The week-long protests aim to raise awareness about four bills in Congress that could help bring power back to the people.



Americans Are Now Risking Arrest to Fight for Free and Fair Politics

While tens of thousands of French citizens have been rising up against the political system across the Atlantic, another protest has been taking the fight to the nation’s capital. This year in America, nearly all of the presidential candidates have racked up hundreds of millions of dollars from Super PACs and special interests and the top 0.1 percent of Americans now owns about as much wealth as the bottom 90 percent of Americans combined. These sobering revelations point to a broken system where the wealthy have stronger political pull than the average American. Now people are saying, once again, that enough is enough and taking a fight that blossomed and wilted in Zuccotti Park a half decade ago to the steps of the Capitol building.

The demonstration, called Democracy Spring, has support from over a hundred organizations, as well as celebrity backing from Mark Ruffalo, Bernie Sanders, Talib Kweli, Zephyr Teachout, Noam Chomsky, and dozens more. It’s the latest attempt in a years-long battle to bring political power back to the people and it all started hundreds of miles away from Washington D.C. on April 2nd. It was in Philadelphia’s Ridley Park where a dedicated group representing about 140 activist organizations met to begin a days-long march through Delaware and Maryland. Then, on Sunday, they took to D.C., setting out on the second phase in their action plan to raise awareness about the fight to take the green out of Washington. No, not marijuana. Political contributions.

Mass sit-ins and arrests by Democracy Spring activists have brought attention to the broken political system in America.
Mass sit-ins and arrests by Democracy Spring activists have brought attention to the broken political system in America.

On a bright Monday afternoon a few days ago, police rounded up 425 peaceful protesters into vans and shuttled them to holding cells, which was the ultimate goal of the protesters anyway. The mass arrests were the biggest spat of arrests to happen in at least a decade in D.C., and may have been the biggest protest arrest movement since the Vietnam War. That’s just the beginning—over 3,500 people from 33 different states have pledged to be arrested over the course of the week. Yesterday, 85 more people willingly spent the night in jail in the name of democracy.

Although symbolic arrests echo the memory of Occupy Wall Street, the Democracy Spring organizers have come to D.C. with a solid plan and a set schedule. Every day this week, protesters who slept overnight on couches or at St. Stephens Church are meeting for a morning action briefing and nonviolent civil disobedience training to make sure the movement doesn’t devolve into a violent spectacle like so many other protests before it. From there, hundreds of activists walk to the Capitol and pop a squat until they’re arrested or the sun goes down. By 6:30PM, they’re at a debriefing meeting to prepare for the next day.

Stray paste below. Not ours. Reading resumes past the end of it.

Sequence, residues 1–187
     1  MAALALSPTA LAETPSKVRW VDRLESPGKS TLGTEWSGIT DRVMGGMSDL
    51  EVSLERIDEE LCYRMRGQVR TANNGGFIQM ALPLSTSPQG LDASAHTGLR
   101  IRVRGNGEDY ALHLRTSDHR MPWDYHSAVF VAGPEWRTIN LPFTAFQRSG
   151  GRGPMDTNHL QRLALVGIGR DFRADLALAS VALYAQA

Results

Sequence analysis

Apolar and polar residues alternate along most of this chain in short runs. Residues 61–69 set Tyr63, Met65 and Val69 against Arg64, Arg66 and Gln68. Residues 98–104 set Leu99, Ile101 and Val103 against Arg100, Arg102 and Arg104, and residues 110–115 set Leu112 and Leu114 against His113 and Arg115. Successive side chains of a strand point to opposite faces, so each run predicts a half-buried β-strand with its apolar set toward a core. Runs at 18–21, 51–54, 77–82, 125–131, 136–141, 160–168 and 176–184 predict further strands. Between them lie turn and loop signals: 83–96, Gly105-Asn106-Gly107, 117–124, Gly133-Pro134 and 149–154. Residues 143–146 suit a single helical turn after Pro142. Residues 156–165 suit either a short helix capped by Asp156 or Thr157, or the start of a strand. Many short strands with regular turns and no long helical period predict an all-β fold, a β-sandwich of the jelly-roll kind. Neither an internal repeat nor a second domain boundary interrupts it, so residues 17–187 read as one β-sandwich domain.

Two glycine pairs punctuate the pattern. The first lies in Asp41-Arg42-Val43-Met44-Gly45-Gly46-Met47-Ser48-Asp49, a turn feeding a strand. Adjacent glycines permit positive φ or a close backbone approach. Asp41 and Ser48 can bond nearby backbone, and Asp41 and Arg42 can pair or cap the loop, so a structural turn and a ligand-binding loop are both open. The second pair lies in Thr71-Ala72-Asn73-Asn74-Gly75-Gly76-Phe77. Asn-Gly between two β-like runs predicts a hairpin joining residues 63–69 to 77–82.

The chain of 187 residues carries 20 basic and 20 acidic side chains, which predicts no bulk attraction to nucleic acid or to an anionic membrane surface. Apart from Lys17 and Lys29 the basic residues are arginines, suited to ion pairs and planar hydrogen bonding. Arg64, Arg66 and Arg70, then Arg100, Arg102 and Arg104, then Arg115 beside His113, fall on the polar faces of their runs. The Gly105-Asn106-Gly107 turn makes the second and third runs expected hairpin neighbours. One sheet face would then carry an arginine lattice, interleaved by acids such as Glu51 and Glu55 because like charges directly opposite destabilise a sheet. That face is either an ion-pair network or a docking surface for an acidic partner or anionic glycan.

It’s a clear level of organization that even includes themed days, which may give you horrific flashbacks to the spirit weeks in high school, but are actually instated for a purpose. Every day’s protest focuses on different social issues. From elders and racial justice to students and climate, the organizers want to give voice to as many issues as possible. Think of it as their own week-long stump speech for change.

The question, of course, is whether this is all talk and no plan of action. That’s been the case with other protest movements that have brought attention to issues, but then found difficulty transitioning those issues into institutional change. For Democracy Spring leaders, the movement circumvents this issue by focusing on four key pieces of legislation already in the Senate. The bills, which cover everything from campaign contributions to the right to vote, include: The Voting Rights Advancement Act; the Voter Empowerment Act; the Democracy for All Amendment; and the Government by the People & Fair Elections Now Acts. All four are up for vote in Congress and could drastically change the election to give power back to the people.

Over 3,500 people have pledged to face arrest to stand up for their rights to free and fair democracies.
Over 3,500 people have pledged to face arrest in the name of standing up for their rights to free and fair democracies.

As the country gets set to elect its next president, along with 435 representatives34 senators, and thousands of state and local office holders, timing is key. The Supreme Court may have given corporations the legal right to pour money into the pockets of politicians in 2010 with Citizens United vs. FEC, but if enough people speak out and get arrested, there may be hope for a return to democracy after all.

Stay tuned to Milk for more of the democratic revolution. 

Images via NPR, Getty, Yahoo, and The Nation. 

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